A Conversation with

Nicholas Lim

Designer and illustrator Nicholas Lim hails from Oakland, California, and received his formal education in graphic design at Drexel University in Philadelphia. The gifted young designer caught our eye with his portfolio of beautiful cut paper sculptures, prompting us to ask him to reinterpret the Oribe logo in his medium. Lim抯 talents aren抰 just limited to paper though; he also designs movie posters and dabbles in illustration, branding and product design. Read on for more about the inspiration behind Lim抯 rendition of the Oribe logo, his inspirations and perspective on art and design, and what抯 in store for the future.

Tell us a little about your background in art and design. When did you know that was your calling?
I've been drawing forever. I started when I was a kid because my older sister was always drawing. I didn抰 really begin pursuing "design" until high school, though. After seeing digital art for the first time, I wanted to try it. I got a copy of Photoshop Elements and just started to explore. During that time, the work I enjoyed and felt most accomplished by was more design-oriented. Rather than creating as an outlet for self-expression, I liked having a message to communicate and center each piece around. It makes the creative process more of a puzzle or an exercise in problem solving through creativity. When I look back, it really feels like becoming a designer has been what I've been working towards since I was a kid. I am very lucky and incredibly grateful to be able to do what I love.

How would you describe your design aesthetic?
At the moment, my work is comprised of very clean lines and a minimal use of color, and it is usually my intention to have a certain subtlety to it. But I feel the aesthetic that emerges in my work is more a result of my process. I like to start by breaking things down to their most basic elements, and then I use the most basic principles of geometries and colors to push myself to try and create something new with it. These "restrictions" make it more fun to figure out a beautiful solution and, because those principles are so basic, it comes down to focusing on the details to make it unique. That process has essentially guided the development of my aesthetic.

Why did you decide to design the Oribe logo in the way you did?
I felt this was a great chance to get back to crafting with paper and move the logo into a more three-dimensional space. I wanted to play with the ideas of growth and flow that I've always associated with hair. Looking at the logo on its own, I imagined a story behind it: There is this woman whose hair grows with such speed and strength it seems to have a life of its own. My piece was essentially thought of as a second act, where her hair has grown to such lengths that it envelopes her and her whole world卋ut even so, she remains poised and calm because she抯 still in control.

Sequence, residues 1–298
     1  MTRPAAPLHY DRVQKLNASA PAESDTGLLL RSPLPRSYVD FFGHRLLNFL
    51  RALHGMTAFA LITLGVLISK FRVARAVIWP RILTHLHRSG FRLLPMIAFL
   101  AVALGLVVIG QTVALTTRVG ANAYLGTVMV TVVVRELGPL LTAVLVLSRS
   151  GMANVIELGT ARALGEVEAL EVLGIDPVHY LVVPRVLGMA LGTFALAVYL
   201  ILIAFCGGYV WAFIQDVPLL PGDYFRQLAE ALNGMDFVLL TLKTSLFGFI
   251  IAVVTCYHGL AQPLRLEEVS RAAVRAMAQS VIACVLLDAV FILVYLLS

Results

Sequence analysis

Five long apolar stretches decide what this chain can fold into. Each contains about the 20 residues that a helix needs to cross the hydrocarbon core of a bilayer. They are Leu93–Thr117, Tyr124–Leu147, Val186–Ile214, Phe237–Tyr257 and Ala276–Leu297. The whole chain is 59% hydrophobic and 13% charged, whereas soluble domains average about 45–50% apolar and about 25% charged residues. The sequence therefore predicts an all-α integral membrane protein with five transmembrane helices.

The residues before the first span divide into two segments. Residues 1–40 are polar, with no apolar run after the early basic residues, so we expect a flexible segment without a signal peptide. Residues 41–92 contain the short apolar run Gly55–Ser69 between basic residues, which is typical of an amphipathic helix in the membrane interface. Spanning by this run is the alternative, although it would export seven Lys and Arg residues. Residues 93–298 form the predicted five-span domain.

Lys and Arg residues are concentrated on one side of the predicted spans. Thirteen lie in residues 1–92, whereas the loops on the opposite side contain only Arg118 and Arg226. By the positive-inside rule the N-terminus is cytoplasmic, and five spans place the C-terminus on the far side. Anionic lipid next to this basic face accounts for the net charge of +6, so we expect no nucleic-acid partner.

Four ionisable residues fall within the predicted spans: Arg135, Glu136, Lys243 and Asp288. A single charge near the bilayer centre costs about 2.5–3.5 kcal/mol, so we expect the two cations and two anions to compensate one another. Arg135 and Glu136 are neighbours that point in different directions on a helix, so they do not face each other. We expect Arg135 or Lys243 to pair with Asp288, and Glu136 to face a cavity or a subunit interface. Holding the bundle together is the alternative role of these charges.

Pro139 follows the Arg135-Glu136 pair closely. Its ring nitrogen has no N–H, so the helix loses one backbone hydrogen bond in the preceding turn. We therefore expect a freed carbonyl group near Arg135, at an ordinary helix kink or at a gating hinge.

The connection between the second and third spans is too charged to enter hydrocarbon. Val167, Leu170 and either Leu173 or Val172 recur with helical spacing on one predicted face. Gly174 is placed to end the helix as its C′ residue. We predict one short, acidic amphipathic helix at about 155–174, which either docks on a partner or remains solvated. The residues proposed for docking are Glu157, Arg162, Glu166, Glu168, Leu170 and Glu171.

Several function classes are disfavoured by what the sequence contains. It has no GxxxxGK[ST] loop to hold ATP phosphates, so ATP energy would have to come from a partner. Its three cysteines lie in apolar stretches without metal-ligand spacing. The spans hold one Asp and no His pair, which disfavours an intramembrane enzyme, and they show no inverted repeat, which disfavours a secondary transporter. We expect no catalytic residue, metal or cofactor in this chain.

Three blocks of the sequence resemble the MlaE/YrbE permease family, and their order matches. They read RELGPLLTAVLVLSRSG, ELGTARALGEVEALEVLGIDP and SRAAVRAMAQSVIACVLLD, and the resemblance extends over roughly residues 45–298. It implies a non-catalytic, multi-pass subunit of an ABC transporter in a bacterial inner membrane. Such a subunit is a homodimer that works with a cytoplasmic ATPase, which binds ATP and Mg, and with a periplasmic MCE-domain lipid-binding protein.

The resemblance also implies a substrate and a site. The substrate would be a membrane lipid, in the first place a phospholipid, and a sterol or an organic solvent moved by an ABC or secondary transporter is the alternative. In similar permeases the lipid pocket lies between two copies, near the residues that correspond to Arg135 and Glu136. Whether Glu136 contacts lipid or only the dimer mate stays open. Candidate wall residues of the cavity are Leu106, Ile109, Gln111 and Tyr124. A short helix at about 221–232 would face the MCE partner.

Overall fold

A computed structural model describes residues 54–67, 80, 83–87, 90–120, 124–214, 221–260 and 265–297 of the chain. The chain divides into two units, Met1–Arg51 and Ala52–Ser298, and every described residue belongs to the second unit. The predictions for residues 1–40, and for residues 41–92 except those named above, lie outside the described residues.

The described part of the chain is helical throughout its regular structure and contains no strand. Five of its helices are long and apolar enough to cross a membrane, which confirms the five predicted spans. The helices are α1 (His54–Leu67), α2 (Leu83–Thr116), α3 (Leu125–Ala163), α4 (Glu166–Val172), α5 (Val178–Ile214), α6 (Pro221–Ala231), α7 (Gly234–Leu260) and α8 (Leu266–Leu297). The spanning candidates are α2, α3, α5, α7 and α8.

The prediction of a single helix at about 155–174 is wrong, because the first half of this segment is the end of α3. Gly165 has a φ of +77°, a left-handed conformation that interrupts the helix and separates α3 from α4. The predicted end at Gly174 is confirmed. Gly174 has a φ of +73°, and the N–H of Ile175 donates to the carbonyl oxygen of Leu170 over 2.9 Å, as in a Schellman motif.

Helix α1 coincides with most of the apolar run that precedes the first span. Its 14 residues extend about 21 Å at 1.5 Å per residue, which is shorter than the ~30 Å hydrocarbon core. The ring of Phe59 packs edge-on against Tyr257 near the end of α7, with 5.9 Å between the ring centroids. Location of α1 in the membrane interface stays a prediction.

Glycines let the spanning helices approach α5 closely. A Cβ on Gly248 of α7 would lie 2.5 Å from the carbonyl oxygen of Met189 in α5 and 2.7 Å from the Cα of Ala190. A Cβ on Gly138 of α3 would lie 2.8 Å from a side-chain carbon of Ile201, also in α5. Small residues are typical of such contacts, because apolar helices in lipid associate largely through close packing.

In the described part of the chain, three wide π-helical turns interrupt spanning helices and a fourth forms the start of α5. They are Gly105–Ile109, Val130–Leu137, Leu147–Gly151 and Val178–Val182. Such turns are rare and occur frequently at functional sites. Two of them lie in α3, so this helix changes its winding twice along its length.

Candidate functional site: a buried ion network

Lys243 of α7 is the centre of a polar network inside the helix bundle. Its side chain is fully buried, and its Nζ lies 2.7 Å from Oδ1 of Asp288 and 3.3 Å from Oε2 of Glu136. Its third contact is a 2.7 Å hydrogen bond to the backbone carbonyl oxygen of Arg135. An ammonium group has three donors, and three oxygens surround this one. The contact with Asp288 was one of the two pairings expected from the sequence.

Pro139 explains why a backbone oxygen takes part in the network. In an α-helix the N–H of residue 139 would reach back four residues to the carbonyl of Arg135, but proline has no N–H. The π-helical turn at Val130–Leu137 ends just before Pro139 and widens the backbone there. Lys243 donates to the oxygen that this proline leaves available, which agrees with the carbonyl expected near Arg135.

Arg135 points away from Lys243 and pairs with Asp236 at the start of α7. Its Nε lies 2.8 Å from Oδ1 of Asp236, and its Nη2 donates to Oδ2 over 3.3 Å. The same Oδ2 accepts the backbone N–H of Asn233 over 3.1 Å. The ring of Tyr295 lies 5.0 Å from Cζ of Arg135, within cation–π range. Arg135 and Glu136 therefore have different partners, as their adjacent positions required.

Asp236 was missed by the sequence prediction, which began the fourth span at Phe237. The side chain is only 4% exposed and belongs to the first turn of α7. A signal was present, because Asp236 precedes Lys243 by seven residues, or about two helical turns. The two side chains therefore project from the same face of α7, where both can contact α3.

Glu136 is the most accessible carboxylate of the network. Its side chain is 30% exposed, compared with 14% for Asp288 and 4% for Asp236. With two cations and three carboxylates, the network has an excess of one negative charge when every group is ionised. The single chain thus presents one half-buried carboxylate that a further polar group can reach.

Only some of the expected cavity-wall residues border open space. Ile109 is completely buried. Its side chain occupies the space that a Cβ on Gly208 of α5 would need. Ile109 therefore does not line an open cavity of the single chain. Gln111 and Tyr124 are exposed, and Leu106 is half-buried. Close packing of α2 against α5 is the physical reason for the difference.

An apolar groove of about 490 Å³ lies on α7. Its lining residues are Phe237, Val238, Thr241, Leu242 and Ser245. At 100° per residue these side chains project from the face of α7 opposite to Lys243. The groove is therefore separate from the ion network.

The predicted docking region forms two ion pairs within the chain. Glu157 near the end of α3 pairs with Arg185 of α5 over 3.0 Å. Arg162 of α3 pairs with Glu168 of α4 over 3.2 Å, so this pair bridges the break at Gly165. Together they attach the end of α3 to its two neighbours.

Where do you typically find inspiration for your pieces?
While I do look to other graphic designers for inspiration, I really like to look in other design fields, like product, system or interaction design, for inspiration. I think all design fields have somewhat relatable processes, but the thinking behind each has to be so different that it can bring a different perspective or approach to similar basic principles and problems.

If you could collaborate with any artist, living or dead, who would it be?
With respect to cut paper, Peter Callesen is incredible. Before I had ever used an X-Acto knife, I had seen his work and was stunned by it. If you've seen his pieces then you know he抯 amazing. There are certain pieces where his use of negative and positive space is just so clever卛t抯 absolutely beautiful.

What's the best piece of advice you've ever gotten?
Once I was presenting these conceptual ideas that I thought were pretty great to my professor. When I was done explaining them to her, she said bluntly: "OK, now do it." She said it so matter-of-factly that I was actually a little confused. I think what she meant was that ideas are great, but an idea has little value unless you make something of it. It's obvious to me now, but it completely changed how I approached my design work and how I valued the different stages of the design process.

How do you normally wear your hair?
I've gone through a number of different hairstyles, but currently it抯 short on the sides and longer on top.

What's the sexiest way a girl can wear her hair?
It doesn't really matter to me; I just like seeing a girl who owns it. She has chosen this haircut and style and she knows it's right for her. If you wear your hair with confidence, that抯 the sexiest thing.

Are you working on any upcoming projects you're particularly excited about?
I've been developing a few personal projects卬ow that I抳e completed this, it抯 time for me to really kick them off!

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